Remembering Kate

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Kate Horowitz passed away Sept 12, 2021. I want to take a moment to share some of what she meant to me.

Kate, her then-husband Ben, and several of their friends formed Organ House before I arrived in SF with the mission of destigmatizing consensual non-monogamy. While play parties might have been the vehicle, the goal was community, acceptance, and outreach. It was a place where people could safely test the limits of monogamy to see whether different structures might work better for them.

Monogamy didn’t fit Kate. And she knew it didn’t fit a lot of people. But there weren’t many ways to easily mingle with other young, ambitious, open-minded, sex-positive people in the Bay Area in an environment that demanded enthusiastic consent for all activity.

Organ House was my entree into this world, which has been life-changing for me, even as someone who had practiced CNM for many years before finding OH! It was my first taste of IRL community centered around sex-positivity.

Kate worked tirelessly at her mission to make it easier for the next generation. The parties themselves were a ton of work. There was the endless drama. Incident reports. Leadership changes. On top of that she would give talks and interviews to help normalize non-monogamy.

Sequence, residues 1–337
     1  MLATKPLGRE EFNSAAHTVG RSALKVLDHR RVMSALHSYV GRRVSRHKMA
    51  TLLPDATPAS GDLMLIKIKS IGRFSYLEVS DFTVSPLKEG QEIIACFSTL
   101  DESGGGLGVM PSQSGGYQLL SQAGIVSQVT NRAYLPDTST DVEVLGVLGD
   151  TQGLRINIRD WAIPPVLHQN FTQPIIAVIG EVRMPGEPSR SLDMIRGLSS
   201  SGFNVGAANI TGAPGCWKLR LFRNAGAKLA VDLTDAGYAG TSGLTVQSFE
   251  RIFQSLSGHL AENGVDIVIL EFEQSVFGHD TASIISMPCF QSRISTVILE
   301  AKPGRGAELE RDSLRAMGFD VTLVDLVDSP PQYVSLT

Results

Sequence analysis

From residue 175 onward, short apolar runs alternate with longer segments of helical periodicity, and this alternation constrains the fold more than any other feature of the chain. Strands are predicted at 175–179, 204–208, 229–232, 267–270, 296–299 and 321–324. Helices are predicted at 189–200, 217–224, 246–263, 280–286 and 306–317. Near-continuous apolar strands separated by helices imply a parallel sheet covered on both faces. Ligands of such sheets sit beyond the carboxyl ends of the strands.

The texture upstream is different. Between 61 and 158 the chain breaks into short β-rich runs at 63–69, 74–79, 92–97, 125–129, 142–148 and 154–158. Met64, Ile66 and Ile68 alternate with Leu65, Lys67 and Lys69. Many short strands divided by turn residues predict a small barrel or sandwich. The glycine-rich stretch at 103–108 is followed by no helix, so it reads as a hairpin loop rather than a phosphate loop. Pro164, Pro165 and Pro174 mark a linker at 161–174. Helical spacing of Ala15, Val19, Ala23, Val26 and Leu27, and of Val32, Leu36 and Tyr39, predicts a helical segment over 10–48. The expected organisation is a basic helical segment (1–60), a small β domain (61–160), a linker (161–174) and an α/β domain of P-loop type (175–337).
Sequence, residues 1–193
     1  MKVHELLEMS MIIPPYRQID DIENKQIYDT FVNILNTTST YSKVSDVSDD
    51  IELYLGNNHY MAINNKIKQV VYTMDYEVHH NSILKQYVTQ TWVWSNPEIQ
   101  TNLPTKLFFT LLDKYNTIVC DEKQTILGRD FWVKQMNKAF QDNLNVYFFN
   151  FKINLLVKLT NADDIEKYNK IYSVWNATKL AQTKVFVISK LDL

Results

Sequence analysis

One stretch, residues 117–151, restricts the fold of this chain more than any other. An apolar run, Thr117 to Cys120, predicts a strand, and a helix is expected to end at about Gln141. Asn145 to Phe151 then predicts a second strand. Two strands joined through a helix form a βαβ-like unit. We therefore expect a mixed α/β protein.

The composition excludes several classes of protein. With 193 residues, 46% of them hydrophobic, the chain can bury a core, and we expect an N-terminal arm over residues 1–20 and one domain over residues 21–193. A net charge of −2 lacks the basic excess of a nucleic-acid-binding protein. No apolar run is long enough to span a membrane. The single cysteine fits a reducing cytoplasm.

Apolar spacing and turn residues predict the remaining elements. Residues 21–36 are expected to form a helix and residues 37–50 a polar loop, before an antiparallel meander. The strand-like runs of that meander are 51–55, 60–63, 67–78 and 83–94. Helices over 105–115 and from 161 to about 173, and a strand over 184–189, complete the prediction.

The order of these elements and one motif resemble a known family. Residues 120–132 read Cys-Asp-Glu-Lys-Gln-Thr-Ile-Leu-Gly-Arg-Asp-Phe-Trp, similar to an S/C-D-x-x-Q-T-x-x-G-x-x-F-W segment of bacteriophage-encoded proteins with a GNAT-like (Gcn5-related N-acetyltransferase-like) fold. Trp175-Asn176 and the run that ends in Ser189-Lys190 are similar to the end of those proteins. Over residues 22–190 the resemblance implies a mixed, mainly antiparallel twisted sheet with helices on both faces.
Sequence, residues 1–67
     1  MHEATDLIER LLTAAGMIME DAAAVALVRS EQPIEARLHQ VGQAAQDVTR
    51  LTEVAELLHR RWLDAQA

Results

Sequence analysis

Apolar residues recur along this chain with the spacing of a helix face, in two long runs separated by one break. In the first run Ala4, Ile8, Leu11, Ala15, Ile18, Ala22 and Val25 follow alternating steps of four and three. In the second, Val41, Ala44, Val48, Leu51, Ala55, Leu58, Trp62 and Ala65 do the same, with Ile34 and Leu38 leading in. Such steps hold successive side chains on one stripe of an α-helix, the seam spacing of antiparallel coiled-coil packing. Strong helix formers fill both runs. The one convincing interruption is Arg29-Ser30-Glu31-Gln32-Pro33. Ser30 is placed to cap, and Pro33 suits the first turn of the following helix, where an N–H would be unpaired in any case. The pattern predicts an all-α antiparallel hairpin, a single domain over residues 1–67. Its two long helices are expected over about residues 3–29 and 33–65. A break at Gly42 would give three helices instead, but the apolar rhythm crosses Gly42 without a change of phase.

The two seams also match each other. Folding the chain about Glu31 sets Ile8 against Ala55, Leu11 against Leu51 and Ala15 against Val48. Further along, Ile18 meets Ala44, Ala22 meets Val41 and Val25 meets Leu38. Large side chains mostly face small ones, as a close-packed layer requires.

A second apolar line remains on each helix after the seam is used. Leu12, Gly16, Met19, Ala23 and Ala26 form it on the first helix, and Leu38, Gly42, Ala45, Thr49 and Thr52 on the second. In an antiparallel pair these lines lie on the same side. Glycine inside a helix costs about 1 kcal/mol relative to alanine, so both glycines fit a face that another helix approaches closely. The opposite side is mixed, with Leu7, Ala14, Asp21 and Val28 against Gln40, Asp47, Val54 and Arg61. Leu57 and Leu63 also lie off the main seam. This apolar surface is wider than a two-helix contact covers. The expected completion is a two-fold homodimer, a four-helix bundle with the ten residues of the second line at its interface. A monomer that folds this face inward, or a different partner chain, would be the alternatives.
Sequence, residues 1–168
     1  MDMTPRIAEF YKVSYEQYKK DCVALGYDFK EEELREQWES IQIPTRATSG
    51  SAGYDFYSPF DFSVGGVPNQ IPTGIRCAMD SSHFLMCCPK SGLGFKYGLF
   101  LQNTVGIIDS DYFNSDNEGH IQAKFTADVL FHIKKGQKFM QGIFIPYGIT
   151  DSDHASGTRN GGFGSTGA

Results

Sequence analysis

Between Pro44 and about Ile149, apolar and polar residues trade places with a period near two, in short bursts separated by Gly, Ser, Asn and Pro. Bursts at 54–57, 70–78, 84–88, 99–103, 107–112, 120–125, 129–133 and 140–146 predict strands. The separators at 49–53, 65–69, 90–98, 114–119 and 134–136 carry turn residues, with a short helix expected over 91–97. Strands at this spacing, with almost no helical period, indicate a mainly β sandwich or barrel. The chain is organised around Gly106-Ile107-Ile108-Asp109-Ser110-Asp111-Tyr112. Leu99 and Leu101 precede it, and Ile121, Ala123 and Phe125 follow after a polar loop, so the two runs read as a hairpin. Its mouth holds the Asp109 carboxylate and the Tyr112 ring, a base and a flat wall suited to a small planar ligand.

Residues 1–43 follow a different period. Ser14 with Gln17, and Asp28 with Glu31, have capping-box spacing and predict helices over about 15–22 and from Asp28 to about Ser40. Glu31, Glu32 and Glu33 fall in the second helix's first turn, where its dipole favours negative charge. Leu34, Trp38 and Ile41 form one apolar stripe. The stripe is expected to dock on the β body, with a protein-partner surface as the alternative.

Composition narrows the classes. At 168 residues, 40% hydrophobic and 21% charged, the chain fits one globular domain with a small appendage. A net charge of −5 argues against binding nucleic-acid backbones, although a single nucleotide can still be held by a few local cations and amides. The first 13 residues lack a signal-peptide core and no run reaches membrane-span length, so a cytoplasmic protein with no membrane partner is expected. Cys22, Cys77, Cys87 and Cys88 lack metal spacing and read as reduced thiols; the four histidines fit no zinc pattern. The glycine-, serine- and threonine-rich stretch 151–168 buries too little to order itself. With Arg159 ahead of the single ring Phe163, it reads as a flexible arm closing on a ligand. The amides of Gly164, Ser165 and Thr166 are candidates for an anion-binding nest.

Even in young motherhood, she remained an activist. I remember her visibly pregnant, taking me out to get my nails done when I was unemployed and recently dumped. She told me about the book she was writing and podcast she was developing on normalizing non-monogamy.

I remember her standing up on the stage at a party in lingerie, c-section scar and soft belly on full display. “This is what a postpartum body looks like,” she said simply.

Kate was softspoken but loud, empathetic but unapologetic, and kind but fierce. She was an unstoppable force of social change against the immovable object of stigma, superstition, and shame around sex. She permanently changed the landscape of CNM, in the Bay Area and the world.

She is gone far too soon. She leaves a hole that can never be filled. But she also leaves a generation of young leaders who grew up under her wing who now take up her work.

It would be easy to take her short life to mean that living outside the lines is bad for you or doesn’t work.

A world that punishes people for living out of line is bad for you and doesn’t work. Those who live outside the lines anyway, at their own peril, make the world a better place for everyone else who doesn’t quite fit in.

We are all indebted to the people like Kate who said, “Fuck them lines.”

Kate, your memory is a blessing. Your work is immortal. (Many of) your sacrifices are acknowledged. Rest in power.